- David Ching, ESPN Staff Writer
- 0 Shares
THIBODAUX, La. -- The campers who attend the Manning Passing Academy each summer at Nicholls State University certainly get a kick out of learning from the first family of quarterback play -- Archie Manning and sons Peyton, Eli and Cooper -- and a who’s who of college quarterbacks.
But those counselors from the college ranks might get even more out of the experience than the kids. The opportunity to interact with and learn from such successful NFL quarterbacks -- and fellow college players such as Heisman Trophy winner Jameis Winston, Oregon’s Marcus Mariota and Baylor’s Bryce Petty -- lured 42 college quarterbacks from across the country to Thibodaux, a small town in south Louisiana.
“It might be even better to be a counselor,” said Tennessee quarterback Justin Worley, who attended the camp prior to his junior and senior seasons of high school. “I’ve enjoyed it day in and day out. Just being around these guys and talking to them … it’s a very select, elite group. We speak a different language sometimes.”
Several of the college players who met with the media after Friday morning’s practice cited the appeal in learning from the Mannings and other NFL personnel on hand as reasons to attend. And not just learning new throwing drills, but also how to carry oneself like a professional.
“I’m an observer, so I just observe the way [Peyton] does things,” Winston said. “He’s so detail-oriented and how he carries himself – I’m really trying to see how he carries himself because I want to be the guy 10, 15 years from now that’s viewed like a Peyton Manning or an Eli or an Archie.”
Entering his first season as Georgia’s starting quarterback, Hutson Mason -- one of seven SEC quarterbacks in attendance -- said he immediately started learning new things from the pro and college players upon arrival at the camp on Thursday.
For one thing, he said Peyton and Eli emphasized that a quarterback’s pregame routine should include more than just warming up with a few deep balls and skeleton-style throws with no defender. They told the college players to focus on quarterback-specific drills where they practice moving inside the pocket and keeping their eyes focused downfield.
“I think that’s what I was looking forward to is not only asking these guys how they do things at their school and maybe taking a little bit from them, but also the Mannings have drills that I’ve never really done. Yesterday I went and wrote them down so I wouldn’t forget them,” Mason said. “We kind of get repetitive with the drills we do, so it’s good to go into like a new library, use new resources, so to speak. You can’t get anything better than these guys.”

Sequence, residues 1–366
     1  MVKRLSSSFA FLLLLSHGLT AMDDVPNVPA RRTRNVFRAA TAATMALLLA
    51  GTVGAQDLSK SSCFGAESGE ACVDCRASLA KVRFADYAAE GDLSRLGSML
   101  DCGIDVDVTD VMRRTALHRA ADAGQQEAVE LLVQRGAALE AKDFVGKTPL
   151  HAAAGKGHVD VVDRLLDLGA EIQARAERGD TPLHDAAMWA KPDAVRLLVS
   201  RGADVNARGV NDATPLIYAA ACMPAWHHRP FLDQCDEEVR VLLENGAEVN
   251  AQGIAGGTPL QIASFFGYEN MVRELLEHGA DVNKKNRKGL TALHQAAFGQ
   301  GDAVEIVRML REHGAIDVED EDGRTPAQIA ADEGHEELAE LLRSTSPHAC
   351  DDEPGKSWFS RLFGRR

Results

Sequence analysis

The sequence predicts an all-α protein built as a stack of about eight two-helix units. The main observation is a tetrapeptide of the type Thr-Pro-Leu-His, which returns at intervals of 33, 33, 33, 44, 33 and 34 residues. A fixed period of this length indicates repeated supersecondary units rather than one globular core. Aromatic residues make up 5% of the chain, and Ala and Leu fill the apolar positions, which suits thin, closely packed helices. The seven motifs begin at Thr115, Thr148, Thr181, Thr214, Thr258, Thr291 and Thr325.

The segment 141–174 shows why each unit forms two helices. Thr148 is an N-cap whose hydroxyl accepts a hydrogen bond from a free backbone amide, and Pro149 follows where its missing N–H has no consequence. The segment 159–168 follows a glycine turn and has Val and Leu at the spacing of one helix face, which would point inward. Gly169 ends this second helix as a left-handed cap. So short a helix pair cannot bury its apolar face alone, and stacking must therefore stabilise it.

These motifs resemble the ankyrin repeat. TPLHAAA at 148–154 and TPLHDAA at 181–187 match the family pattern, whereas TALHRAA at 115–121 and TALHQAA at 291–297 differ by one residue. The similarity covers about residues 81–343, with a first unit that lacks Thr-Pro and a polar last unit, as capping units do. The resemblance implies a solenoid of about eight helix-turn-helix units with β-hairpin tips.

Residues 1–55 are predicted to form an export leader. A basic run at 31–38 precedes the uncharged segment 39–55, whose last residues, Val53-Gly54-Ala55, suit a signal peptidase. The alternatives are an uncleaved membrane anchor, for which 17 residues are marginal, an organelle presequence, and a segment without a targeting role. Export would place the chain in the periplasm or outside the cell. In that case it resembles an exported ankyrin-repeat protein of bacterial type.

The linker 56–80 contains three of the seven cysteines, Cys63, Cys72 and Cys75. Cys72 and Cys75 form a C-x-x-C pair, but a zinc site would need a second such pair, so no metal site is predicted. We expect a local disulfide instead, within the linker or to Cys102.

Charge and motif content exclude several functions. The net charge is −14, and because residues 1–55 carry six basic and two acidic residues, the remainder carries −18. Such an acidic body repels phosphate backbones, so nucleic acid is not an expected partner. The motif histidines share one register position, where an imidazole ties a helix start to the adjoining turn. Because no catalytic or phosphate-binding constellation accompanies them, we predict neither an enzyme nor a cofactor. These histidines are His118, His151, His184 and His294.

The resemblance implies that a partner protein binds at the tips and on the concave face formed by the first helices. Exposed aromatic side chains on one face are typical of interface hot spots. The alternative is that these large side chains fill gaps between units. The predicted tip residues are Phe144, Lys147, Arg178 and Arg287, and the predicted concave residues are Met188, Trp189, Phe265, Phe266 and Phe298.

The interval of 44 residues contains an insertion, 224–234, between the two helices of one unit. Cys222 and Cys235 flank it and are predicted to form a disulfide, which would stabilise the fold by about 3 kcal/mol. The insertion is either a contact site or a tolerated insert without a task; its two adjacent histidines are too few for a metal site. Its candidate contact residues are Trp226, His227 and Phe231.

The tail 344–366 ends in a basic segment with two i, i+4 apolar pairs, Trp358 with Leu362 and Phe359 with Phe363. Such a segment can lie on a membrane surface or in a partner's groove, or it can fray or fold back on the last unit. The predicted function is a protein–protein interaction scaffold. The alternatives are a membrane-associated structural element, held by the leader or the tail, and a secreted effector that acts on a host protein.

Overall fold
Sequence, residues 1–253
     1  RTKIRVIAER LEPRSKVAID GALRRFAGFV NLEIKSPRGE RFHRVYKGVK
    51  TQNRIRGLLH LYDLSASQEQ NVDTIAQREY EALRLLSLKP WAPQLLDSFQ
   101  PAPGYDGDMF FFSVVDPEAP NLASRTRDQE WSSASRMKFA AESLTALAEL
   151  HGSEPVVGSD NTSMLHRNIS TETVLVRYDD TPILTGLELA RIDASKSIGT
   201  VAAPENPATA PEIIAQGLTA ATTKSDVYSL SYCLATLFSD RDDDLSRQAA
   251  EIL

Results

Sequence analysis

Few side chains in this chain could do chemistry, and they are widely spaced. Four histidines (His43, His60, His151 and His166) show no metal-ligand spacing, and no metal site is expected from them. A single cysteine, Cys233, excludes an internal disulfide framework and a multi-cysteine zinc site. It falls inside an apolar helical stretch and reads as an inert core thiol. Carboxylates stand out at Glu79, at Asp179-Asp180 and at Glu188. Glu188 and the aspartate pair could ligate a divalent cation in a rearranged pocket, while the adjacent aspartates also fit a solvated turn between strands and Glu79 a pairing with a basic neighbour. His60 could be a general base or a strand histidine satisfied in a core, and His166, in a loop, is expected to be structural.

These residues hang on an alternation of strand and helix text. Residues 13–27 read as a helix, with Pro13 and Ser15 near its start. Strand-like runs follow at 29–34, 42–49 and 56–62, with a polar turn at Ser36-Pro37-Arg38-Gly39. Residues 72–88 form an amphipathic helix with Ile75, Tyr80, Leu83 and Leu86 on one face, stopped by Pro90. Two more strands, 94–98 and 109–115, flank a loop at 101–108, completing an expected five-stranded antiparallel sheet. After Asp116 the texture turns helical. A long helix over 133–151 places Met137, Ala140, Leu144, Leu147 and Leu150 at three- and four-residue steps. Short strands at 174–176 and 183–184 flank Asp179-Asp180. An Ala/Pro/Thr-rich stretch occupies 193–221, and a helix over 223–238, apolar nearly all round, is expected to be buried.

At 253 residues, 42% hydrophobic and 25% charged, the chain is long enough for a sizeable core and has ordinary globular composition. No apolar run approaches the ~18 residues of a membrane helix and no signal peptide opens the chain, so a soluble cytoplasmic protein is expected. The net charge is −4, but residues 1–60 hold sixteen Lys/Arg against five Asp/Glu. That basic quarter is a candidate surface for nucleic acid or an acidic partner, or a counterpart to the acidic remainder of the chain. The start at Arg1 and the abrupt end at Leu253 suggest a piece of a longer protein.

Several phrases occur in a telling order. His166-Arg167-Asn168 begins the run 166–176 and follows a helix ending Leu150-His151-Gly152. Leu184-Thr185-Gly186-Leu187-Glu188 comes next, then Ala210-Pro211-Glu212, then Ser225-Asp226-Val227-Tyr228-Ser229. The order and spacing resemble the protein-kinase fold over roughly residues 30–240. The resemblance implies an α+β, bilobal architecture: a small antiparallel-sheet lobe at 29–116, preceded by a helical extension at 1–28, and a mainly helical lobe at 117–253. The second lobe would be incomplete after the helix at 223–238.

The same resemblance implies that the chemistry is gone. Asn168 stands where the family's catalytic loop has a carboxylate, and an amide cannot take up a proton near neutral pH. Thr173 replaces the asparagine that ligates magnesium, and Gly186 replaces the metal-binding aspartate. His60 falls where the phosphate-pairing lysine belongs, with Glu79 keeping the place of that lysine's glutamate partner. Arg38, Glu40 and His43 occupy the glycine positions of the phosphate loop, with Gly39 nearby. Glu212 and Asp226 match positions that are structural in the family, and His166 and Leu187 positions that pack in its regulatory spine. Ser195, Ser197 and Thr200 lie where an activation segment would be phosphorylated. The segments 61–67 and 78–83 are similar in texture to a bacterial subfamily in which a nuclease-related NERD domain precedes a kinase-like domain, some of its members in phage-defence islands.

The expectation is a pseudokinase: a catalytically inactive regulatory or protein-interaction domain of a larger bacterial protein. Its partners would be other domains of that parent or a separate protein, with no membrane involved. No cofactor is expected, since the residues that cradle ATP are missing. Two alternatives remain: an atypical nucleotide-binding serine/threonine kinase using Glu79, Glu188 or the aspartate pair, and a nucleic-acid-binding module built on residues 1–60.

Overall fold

A welcome reprieve: The campers and counselors aren’t the only ones who continue to learn lessons about how to handle their high-profile position.
Archie was impressed with the way Peyton shook off the humiliation of his Denver Broncos’ 43-8 loss to the Seattle Seahawks in the Super Bowl and found a way to move on with life. The week after the big game, the five-time NFL MVP decided to become a late entrant into the AT&T Pebble Beach National Pro-Am.
“You’d better not get over it immediately, but he handled it,” Archie said. “I think Peyton gets wiser every year. He turned around the week [after] that game and went and played in the AT&T golf tournament -- smartest thing he ever did. He played well and the PGA so much appreciated him coming, and it was good for him, too. You can’t sit around and mope when you lose a football game, so Peyton, he handled it.”
Alma mater connections: Among the several dozen college quarterbacks in attendance are seven from the SEC: Mason, Worley, Ole Miss’ Bo Wallace, Mississippi State’s Dak Prescott, Florida’s Jeff Driskel, Missouri’s Maty Mauk and South Carolina’s Dylan Thompson.
It’s no coincidence that two of those players, Worley and Wallace, are the presumptive starters at the alma maters of Peyton (Tennessee) and Archie and Eli (Ole Miss).
Both college players say they’ve developed bonds with the Mannings since arriving at their respective schools.
“Usually when I see Eli, it’s just, ‘How are you doing?’ I’ve never really gotten pointers or anything like that,” Wallace said. “I’ve gotten texts from Archie before games before, but it’s never been pointers or anything like that. It’s usually just friendly talk.”
Worley said in addition to his time working with the family at the camp, Peyton has worked a bit with the Voluntseer quarterbacks in Knoxville.
“We’ve got a very good relationship,” Worley said. “He came back a couple weeks and we threw for a couple days and had a meeting with him.”
4hSam Khan Jr.
21hSam Khan Jr.
1dCraig Haubert and Tom Luginbill
1dCraig Haubert and Tom Luginbill